- The spread between 2- and 10-year Treasury yields fell below zero, something that’s preceded each of the last seven recessions.
- It’s also a sign that US equities will peak, according to analysts at Bank of America Merrill Lynch.
- But when the S&P 500 will top is unclear. According to precedent, it can happen in as little as one month, or take more than a year.
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The US equity benchmark is an important future indicator of US recessions, the analysts wrote.
"The typical pattern is the yield curve inverts, the S&P 500 tops sometime after the curve inverts and the US economy goes into recession six to seven months after the S&P 500 peaks."
This pattern has occurred before the last seven recessions, the analysts said. That means there’s a peak on the horizon for the S&P 500. But it’s difficult to pinpoint exactly when it will happen.
"Sometimes the S&P 500 peaks within two to three months" of an inversion between the two-and 10-year Treasury yields, the analysts wrote. But they also note it can take one to two years for the market to peak after an inversion.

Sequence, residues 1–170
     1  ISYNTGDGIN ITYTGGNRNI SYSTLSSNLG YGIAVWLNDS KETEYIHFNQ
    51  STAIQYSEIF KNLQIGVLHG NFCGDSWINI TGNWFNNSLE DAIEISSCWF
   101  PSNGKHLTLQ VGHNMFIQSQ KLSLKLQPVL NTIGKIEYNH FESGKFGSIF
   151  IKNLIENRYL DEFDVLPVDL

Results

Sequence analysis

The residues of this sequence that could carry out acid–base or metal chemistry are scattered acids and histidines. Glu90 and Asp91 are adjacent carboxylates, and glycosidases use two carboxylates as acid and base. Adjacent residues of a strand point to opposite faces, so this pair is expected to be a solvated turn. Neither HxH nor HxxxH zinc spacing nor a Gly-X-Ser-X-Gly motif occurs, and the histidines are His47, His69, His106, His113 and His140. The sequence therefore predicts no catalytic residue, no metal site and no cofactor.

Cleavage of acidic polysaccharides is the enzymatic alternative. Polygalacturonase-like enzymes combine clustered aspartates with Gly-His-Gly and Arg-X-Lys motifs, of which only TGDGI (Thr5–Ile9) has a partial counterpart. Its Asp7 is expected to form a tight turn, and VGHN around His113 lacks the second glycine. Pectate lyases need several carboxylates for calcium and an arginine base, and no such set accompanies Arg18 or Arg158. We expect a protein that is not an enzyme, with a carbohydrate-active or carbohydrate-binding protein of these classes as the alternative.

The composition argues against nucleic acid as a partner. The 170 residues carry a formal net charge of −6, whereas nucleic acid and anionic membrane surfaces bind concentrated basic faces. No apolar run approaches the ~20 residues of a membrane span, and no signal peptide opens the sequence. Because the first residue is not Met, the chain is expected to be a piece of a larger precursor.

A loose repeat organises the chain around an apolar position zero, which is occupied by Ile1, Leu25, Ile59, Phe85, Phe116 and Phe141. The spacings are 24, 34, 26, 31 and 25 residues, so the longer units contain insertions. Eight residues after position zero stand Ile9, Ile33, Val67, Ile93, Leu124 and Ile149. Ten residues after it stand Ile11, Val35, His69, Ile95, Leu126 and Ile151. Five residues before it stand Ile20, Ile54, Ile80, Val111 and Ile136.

In the last 10 inversions, from 1956 to present, the S&P 500 hit highs within three months six times, according to Bank of America. The other four times there was a yield curve inversion, it took 11 to 22 months for the S&P 500 to peak.
It doesn’t mean the analysts are predicting an immediate S&P 500 meltdown, or saying that growth isn’t possible in the near term. In some cases, the S&P 500 has rallied — an average of 16.7% — before falling in a "recession-related drawdown." So, there could be new high ahead for the S&P 500 before any downturn happens.
The average correction in the S&P 500 during a recession is about 31.7%, the analysts said, and tend to last between 14 and 15 months. A correction could be less severe this time, the analysts wrote, because of the current bull market the S&P 500 is in. While recessions do occur during "secular bull markets," the analysts wrote, there is a silver lining — "S&P 500 pullbacks associated with recessions during secular bull trends are much less severe."
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